Non-Fiction: Novel Ways to Spice It Up

image by OpenClipart-Vectors
image by OpenClipart-Vectors

I’m working on a non-fiction book based on my blog’s writing posts and more. The book’s purpose is to help writers transform their manuscripts into editor-friendly books in 32 steps.

Here’s what I learned about introducing novel ideas into non-fiction books from Debbie Harmsen’s article, “Straight Up Non-fiction With a Twist” (Writer’s Digest March/April 2015).

Framework 

 

image by Deedster
image by Deedster

Harmsen talks about how we present our thoughts, ideas, and information. This involves the title, chapter titles, headings, and running themes. She suggests the that framework add fun, make the content memorable, and provide lightness.

I want my title to communicate the benefits the book provides. But I also want readers to anticipate fun as they work on their manuscript.

 

 

When I brainstormed titles, the first seven revealed my book’s benefits, using lofty but tired words. Then I pictured what my book would help writers do to their manuscripts. With the resulting simile, I wrote a title that sported creative words. I brainstormed other images, similes, and creative titles.

Once I choose a title, I can work the theme of the simile into the chapter titles and headings.

Contrariness

 

image by OpenClipart-Vectors
image by OpenClipart-Vectors

Next, Harmsen mentioned the novelty of exchanging the normal cheerleader approach with helping readers realize whether the work involved is right for them.

In my introduction, perhaps I’ll ask whether performing 32 steps seems too much work to improve their manuscript. Writing a sellable novel is much work, and getting one into shape may not be worth their time. That’s okay. Another choice may be to pursue forms of writing that require less editing.

Scenes and Dialogue

 

In this section, Harmsen discusses using stories to show how a principle works, e.g. characters in business situations.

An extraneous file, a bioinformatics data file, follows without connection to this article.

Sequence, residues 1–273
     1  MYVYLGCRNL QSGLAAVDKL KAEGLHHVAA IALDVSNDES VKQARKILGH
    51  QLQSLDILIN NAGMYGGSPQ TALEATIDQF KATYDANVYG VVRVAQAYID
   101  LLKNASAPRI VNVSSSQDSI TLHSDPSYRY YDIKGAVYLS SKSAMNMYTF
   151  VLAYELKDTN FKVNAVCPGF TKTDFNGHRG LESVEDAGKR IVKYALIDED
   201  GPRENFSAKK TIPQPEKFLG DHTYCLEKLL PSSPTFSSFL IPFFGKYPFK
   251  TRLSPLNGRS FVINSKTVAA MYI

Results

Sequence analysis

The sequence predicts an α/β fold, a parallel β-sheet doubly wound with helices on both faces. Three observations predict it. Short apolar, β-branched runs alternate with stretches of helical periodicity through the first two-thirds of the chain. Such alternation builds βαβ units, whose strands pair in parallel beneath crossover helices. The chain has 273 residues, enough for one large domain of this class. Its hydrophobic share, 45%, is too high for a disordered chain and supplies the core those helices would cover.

My book will have plenty of fiction examples to support the principles.

image by eslfuntaiwan
image by eslfuntaiwan

Supplemental Material

 

Here, Harmsen talks about the importance of such things as sidebars and subheadings. She stresses adding novel materials that interactively engage the reader, such as quizzes and fun extras at chapter endings.

So, I’ll include simple, humorous drawings, text boxes, and worksheets to help readers work on their manuscripts.

 

 

“Flashback” 

 

Harmsen suggests a flashback could work well in non-fiction books. She mentions opening with a failure story about a person who hadn’t used the book’s principles and then closing with a success story for a person who had.

My book is for:

  • the unpublished writer, whose manuscript needs work, has been rejected, or received low contest scores;
  • the self-publisher, who knows his manuscript needs work or has received poor sales and reviews; and
  • the published author who wants to improve her manuscript.

Therefore, my targeted audience should identify with my opening failure story, and my ending success story.

Testimonials

 

Testimonials can make information and principles stronger. Dave Ramsey sprinkles in testimonials in his Financial Peace books.

At the end of each chapter, I might add a testimonial about how a writer improved his manuscript by applying a technique or principle.

(If you’re interested in possibly having your testimony in my book, contact me at zoehgwp@gmail.com with “Testimony” in the heading.)

Try these novel ideas in your non-fiction book. Click to tweet.

What technique made a non-fiction book you’ve read enjoyable to read?